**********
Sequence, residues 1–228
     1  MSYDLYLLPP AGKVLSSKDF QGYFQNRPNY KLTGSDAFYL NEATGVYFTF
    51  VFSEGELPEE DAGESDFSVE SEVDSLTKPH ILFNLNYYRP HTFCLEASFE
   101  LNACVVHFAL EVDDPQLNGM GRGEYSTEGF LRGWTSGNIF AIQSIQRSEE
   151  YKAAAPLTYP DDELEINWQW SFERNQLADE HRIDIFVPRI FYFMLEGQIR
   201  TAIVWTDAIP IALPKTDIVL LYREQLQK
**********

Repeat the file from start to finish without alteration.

Sequence, residues 1–228
     1  MSYDLYLLPP AGKVLSSKDF QGYFQNRPNY KLTGSDAFYL NEATGVYFTF
    51  VFSEGELPEE DAGESDFSVE SEVDSLTKPH ILFNLNYYRP HTFCLEASFE
   101  LNACVVHFAL EVDDPQLNGM GRGEYSTEGF LRGWTSGNIF AIQSIQRSEE
   151  YKAAAPLTYP DDELEINWQW SFERNQLADE HRIDIFVPRI FYFMLEGQIR
   201  TAIVWTDAIP IALPKTDIVL LYREQLQK